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 Definition An early proprietary standard for local area networks developed by IEEE Project 802; the term has become generic for various connectors and communications techniques although the name of a standard would be more precise. [d] [e]

Bob Metcalfe / 3Com

Should this article dip into more details about the "discovery" (creation? :) of Ethernet, e.g. Bob Metcalfe, 3Com, et al, or just stick to technical topics? Eric M Gearhart 13:37, 23 August 2008 (CDT)

Good question. I'm struggling with what should and should not be called Ethernet, since the term is applied to almost everything. At Nortel, someone called a 4000-km unrepeatered optical link, for undersea use, "Ethernet" because the endpoints had RJ45 connectors.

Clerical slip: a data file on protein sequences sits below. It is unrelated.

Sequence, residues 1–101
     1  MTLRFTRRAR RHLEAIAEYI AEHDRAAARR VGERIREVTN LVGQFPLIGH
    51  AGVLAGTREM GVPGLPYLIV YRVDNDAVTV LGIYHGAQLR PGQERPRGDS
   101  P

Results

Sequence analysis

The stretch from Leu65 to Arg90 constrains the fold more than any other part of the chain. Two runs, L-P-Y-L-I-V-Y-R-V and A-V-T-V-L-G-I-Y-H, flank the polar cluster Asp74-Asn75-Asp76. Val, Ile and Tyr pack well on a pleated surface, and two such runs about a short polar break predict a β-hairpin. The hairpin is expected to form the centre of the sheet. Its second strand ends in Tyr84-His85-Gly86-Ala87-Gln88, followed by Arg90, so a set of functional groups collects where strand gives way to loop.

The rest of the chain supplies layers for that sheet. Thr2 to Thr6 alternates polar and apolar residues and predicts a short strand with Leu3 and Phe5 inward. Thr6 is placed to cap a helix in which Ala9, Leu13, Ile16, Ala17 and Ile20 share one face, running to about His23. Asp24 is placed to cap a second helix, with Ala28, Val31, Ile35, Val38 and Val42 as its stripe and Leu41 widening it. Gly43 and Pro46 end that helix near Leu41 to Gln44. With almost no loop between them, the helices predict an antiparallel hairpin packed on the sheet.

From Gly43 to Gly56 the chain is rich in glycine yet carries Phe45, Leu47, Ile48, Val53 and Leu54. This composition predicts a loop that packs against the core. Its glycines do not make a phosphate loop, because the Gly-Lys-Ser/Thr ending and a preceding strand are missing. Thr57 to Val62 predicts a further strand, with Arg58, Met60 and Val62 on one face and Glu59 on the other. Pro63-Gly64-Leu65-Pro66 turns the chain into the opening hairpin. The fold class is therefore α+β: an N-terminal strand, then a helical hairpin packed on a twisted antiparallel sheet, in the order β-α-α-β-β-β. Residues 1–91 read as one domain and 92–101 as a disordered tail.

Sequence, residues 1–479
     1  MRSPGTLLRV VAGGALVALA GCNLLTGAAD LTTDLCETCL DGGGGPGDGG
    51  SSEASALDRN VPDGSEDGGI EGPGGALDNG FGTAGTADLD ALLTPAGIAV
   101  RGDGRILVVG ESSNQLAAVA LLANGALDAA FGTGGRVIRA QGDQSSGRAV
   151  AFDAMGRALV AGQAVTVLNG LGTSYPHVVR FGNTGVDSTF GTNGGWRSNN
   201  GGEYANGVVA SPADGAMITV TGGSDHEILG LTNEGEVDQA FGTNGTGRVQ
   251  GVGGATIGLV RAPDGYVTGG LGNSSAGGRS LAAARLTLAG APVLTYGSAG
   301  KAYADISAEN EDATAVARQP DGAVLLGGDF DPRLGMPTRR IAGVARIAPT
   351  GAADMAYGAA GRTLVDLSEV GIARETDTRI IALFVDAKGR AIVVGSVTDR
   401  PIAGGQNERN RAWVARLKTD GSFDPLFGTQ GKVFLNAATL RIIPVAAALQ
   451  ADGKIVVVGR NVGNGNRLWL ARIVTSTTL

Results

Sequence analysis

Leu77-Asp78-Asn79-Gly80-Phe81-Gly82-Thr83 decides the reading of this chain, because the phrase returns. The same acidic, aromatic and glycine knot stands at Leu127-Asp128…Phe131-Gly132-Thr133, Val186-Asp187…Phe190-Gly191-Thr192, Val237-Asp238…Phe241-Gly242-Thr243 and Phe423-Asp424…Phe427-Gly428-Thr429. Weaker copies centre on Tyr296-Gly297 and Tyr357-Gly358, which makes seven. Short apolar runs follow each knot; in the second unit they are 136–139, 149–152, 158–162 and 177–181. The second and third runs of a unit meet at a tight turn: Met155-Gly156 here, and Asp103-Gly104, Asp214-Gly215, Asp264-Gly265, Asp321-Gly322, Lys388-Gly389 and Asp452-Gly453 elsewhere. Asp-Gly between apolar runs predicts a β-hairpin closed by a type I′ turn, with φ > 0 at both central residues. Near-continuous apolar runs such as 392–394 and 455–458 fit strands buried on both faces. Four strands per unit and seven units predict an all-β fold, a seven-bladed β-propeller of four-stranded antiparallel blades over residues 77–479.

If we go back to the original work, we really need to go before Ethernet into ALOHANET and the idea of CSMA/CD. Sooner or later, there needs to be the spectrum of collision detection & retry, collision avoidance through time slotting and token passing, etc.
For most of what I discuss here, 802.3 is more correct, but, even there, I quickly have to examine 802.2, and possibly 802.1q. Did you look at locality of networks, which addresses some of the problematic terminology? Howard C. Berkowitz 13:44, 23 August 2008 (CDT)